Sunday’s sermon from Romans 12:9-21 and Exodus 3:1-15
We shall overcome, we shall overcome, we shall overcome someday. Deep in my heart I do believe we shall overcome someday.
This is the first verse of the gospel hymn, “We Shall Overcome,” which became the anthem of the Civil Rights Movement.
These words were sung by crowds of people who gathered together to hear the words of Martin Luther King, Jr. and other prominent leaders in the struggle for equal rights regardless of race.
These words offered hope to a mercilessly mistreated people in a time of divisiveness and helped to undergird the very difficult task of nonviolent resistance
– a means of protest that called upon dignity instead of physical retaliation, to protest wrongs being done to the black community.
Recently, I was able to visit the Center for Civil and Human Rights in downtown Atlanta, a wonderfully executed museum of history dedicated to this particularly virulent time in our nation’s history.
One of the exhibits was a poster of the rules for nonviolent resistance. It talked about the training that the people who participated in sit-ins would undergo.
Before someone was able to participate in a sit-in, they had to endure a simulated “torture,” of sorts, to prepare.
They would sit on a stool representing a seat at a lunch counter, and have things thrown on them, be dragged by the hair out of their seats, and be spat on.
When an individual was able to endure this calmly, without trying to defend him or herself or retaliate in violence, then and only then were they allowed to be part of the sit-in movement of nonviolent protests.
At the Center for Civil and Human Rights, there is a lunch counter exhibit, where you can sit on a stool and put on headphones. You will hear horrible atrocities whispered in your ear:
racial slurs, death threats, and your seat will even rumble to mimic the feel of being repeatedly kicked.
Participants are encouraged to place their hands flat on the lunch counter and leave them flat. It’s pretty difficult.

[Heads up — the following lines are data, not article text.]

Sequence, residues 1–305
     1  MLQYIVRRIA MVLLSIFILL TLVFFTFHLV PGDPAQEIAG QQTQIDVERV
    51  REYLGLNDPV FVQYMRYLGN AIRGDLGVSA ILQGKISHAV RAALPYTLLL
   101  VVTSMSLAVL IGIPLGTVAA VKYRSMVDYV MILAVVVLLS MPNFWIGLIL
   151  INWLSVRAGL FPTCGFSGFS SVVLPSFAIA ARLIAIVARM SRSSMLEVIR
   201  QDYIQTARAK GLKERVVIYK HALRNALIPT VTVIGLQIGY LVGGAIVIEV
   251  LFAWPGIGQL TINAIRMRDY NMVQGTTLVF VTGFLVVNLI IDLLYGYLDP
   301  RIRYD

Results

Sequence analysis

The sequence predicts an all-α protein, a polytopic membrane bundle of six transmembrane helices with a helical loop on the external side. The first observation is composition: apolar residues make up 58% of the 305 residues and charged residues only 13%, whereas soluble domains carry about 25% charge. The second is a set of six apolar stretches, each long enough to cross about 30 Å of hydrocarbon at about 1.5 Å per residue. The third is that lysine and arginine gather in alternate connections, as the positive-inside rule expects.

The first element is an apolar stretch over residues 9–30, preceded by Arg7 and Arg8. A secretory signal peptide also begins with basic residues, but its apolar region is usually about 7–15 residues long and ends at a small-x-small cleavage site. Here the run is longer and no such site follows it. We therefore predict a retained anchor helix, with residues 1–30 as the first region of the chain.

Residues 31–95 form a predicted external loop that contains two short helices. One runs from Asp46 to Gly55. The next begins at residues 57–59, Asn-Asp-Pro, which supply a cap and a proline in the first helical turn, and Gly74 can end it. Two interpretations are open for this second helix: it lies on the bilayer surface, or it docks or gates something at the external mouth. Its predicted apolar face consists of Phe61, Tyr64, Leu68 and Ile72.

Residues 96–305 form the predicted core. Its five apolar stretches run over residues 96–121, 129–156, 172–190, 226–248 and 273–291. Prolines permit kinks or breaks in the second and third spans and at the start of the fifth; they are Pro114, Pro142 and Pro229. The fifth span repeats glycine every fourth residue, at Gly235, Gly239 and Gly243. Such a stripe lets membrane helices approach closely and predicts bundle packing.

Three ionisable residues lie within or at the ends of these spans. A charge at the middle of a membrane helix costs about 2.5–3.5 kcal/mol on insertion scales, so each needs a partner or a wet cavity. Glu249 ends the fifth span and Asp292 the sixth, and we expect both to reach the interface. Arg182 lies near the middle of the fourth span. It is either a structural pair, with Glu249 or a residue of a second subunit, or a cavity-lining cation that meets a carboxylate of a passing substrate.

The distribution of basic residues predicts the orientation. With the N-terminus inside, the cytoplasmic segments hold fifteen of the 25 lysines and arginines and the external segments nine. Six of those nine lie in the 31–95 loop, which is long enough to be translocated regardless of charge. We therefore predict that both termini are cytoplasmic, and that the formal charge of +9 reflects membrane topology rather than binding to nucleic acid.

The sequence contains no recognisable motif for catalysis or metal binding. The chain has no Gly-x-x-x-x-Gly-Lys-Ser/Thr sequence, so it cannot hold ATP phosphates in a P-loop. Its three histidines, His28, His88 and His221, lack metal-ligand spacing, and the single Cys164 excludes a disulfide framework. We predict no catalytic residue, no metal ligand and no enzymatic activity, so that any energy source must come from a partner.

Martin Luther King, Jr. built his theology of reaching the promised land and resisting an evildoer around the teachings of Mohandas Ghandi, which were based in the teachings of Christ in the Sermon on the Mount.
In the sermon on the mount in Matthew, Jesus shows us, maybe a bit disappointingly to us at times, that Christ’s kingdom, the kingdom of God on earth, is all about flip flopping the norm.
The first will be last, the last will be first, and don’t resist an evildoer.
If someone does an evil to me, my first instinct is to evil them right back.
I will confess that when I was younger, I used to take solace in this passage from Romans when the kids at school would make fun of me because I was tall, or because I was really dumb at math.
I would sneer at them with a sadistic joy, forgiving them in my heart and pledging to make sure when they were down I would pick them back up, BECAUSE, I had it on good authority from Paul himself, that in doing this, I would heap burning coals on their heads.
Vindicated, I would imagine coals lighting on their heads, much like the Holy Spirit at Pentecost but terrible.
Human tendency is to protect oneself. I’m certain, however, that this gross misinterpretation of mine was not what Paul had in mind when he penned this letter to the Romans.
This letter is more of an instruction manual of sorts on how the church can relate to one another within the church community and with those outside the church community.
When he says love must be sincere, the love he is talking about extends beyond just their feelings toward each other but in the way they treat others.
So, what is the way we should treat others in a way that they will know our love is true?
Paul says we begin with hating what is evil and holding fast to what is good. Other versions say “cling to what is good.”
We, the people who cling to what is good, the people of Christ’s church, are writing a story with our lives that is directly opposite to the culture in which we live.